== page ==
I wonder if any of you met this irritating problem before but I hope what I found would be helpful in the future.
I’ve been using Blindwrite & Daemon Tools for sometime & everything was quite OK. I copied many game CD-Rom images into my harddisk & play them very conveniently. Among them are Battlefield 1942, Medieval Total War, Age of Wonders 2, …etc.
The day before yesterday, I upgraded my Blindwrite suite to v4.5 & then copied some CD-Rom Images like before. In the copying process I met a system crash but then continued. Then I left Blindwrite to keep creating an image and went to sleep. When I got up, I suddenly found “cannot locat CD-Rom” message everywhere!
I mean “everywhere”, since not only all my game CD-Rom Images with copy protections would not be recognized by my system anymore, even those original game Cd-Roms with minimum copy-protection would not pass the copy-protection check! (The only exception is the Uncommon Valor CD. I could still play though I never made its image work under Daemon tools before)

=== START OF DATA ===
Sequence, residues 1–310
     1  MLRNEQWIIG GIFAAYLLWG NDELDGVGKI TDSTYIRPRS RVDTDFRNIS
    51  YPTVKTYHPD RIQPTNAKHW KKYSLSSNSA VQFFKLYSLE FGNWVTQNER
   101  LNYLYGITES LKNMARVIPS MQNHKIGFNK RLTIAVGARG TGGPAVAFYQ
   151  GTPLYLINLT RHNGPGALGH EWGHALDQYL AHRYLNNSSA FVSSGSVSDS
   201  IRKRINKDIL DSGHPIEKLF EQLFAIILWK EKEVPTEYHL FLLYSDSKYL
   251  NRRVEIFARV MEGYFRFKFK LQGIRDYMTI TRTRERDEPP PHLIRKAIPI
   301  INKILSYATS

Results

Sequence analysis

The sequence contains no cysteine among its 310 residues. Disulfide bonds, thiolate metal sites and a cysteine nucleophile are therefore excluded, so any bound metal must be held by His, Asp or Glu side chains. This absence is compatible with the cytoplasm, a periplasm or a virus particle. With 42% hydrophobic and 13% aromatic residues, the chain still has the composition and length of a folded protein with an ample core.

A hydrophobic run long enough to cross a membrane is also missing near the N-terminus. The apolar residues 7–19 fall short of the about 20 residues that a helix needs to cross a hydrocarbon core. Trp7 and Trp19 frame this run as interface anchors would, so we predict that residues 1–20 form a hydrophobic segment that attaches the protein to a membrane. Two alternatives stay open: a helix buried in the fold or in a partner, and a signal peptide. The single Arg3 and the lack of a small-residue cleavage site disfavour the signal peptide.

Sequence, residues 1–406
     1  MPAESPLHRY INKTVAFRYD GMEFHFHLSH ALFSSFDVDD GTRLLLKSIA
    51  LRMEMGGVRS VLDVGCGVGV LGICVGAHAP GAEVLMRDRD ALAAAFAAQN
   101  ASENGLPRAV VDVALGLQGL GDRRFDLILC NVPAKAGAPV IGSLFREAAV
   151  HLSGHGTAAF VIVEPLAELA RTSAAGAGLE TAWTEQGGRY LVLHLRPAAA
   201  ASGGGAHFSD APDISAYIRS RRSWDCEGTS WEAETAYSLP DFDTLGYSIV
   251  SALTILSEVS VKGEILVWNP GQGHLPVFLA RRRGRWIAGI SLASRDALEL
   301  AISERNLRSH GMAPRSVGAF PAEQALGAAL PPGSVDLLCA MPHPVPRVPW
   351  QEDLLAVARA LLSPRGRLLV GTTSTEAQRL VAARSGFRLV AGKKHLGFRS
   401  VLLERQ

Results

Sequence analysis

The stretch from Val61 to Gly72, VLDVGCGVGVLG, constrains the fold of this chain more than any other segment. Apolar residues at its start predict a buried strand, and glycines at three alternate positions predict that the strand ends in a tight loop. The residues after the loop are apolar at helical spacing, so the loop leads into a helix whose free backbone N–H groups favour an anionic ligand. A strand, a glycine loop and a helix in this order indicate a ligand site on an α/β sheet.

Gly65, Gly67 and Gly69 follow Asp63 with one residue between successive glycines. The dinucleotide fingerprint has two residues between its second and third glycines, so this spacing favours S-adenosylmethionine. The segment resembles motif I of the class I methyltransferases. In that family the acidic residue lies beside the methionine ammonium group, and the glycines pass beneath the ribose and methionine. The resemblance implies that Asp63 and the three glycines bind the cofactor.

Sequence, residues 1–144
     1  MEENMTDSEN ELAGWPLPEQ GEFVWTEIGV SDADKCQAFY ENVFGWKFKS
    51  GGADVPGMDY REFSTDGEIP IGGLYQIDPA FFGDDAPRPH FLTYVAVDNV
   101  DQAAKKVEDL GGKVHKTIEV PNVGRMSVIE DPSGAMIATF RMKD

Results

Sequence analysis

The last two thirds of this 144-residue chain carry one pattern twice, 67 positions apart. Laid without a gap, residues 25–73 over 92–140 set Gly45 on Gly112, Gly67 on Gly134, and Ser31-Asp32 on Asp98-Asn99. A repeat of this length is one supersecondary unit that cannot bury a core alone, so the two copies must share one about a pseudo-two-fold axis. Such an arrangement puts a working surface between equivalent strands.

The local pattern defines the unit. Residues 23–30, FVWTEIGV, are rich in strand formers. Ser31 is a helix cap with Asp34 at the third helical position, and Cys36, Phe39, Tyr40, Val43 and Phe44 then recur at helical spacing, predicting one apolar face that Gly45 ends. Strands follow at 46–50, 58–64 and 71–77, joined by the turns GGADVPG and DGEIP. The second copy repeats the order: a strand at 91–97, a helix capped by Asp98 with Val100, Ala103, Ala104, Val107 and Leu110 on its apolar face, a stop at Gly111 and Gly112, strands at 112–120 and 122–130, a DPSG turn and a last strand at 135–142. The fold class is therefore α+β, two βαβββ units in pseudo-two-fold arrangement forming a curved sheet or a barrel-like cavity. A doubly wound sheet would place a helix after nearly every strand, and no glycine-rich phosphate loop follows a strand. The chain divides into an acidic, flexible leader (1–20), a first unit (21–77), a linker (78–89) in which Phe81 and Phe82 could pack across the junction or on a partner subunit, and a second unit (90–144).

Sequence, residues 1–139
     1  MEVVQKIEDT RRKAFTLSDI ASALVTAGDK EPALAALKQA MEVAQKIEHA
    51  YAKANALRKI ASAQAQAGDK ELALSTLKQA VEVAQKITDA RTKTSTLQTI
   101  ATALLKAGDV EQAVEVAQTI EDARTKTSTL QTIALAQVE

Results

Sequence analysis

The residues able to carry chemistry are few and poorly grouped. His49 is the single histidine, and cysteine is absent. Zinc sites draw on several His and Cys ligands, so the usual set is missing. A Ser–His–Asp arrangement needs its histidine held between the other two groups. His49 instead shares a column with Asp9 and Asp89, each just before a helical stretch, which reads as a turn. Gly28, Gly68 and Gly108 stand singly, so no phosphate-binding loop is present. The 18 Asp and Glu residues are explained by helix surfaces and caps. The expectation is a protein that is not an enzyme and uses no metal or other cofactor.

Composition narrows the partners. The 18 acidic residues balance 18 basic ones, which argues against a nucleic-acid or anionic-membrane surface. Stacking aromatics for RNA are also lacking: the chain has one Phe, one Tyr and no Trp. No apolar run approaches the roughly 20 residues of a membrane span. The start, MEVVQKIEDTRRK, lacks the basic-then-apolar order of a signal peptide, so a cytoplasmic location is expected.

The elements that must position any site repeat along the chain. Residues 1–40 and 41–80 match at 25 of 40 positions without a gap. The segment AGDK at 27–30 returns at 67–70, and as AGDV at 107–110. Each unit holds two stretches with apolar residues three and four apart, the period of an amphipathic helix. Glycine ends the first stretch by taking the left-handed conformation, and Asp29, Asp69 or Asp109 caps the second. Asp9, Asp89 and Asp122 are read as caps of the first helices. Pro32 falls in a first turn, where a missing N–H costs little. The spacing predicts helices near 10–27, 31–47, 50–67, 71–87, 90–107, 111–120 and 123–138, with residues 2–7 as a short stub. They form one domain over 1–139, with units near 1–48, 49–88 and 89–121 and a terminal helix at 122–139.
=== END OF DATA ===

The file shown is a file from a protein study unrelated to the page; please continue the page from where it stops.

That meant I could not play Battlelfield 1942, Medieval Total War, Simcity 4, Civ 3 and almost all the recent games any more, whether or not they were or even could be imaged.(I tried but Simcity 4 & Civ 3 could not be imaged as play-ready)
Of course this was not acceptable. So I was desperately trying hard to locate the problem. I uninstalled the Daemon-tools, Blindwrite but it did not help. So I tried re-install Win98 SE from windows & from DOS (to the same windows directory, that will keep everything), still “cannot locat CD-Rom”! I started to doubt it’s something wrong with my LG GCE-8320B CDRW. Maybe I used it too intensively with Blindread that day? Or maybe Daemon-tools or CloneCD (I tried that too) rely on the real CDRW to cheat the copy-protection system check??
So I did a daring test by installing Win 98 SE into another directory. This way I had a new system while temporarily losing my old enviroment. I installed one game under this “clean” Win 98, it worked! That meant I didn’t have to worry about changing my CDRW and I did have a last resort (reinstall everything). However, that’s too much to me so I recovered my old Win 98 enviroment by installing Win 98 SE under DOS into my old Windows directory again and got back where I started.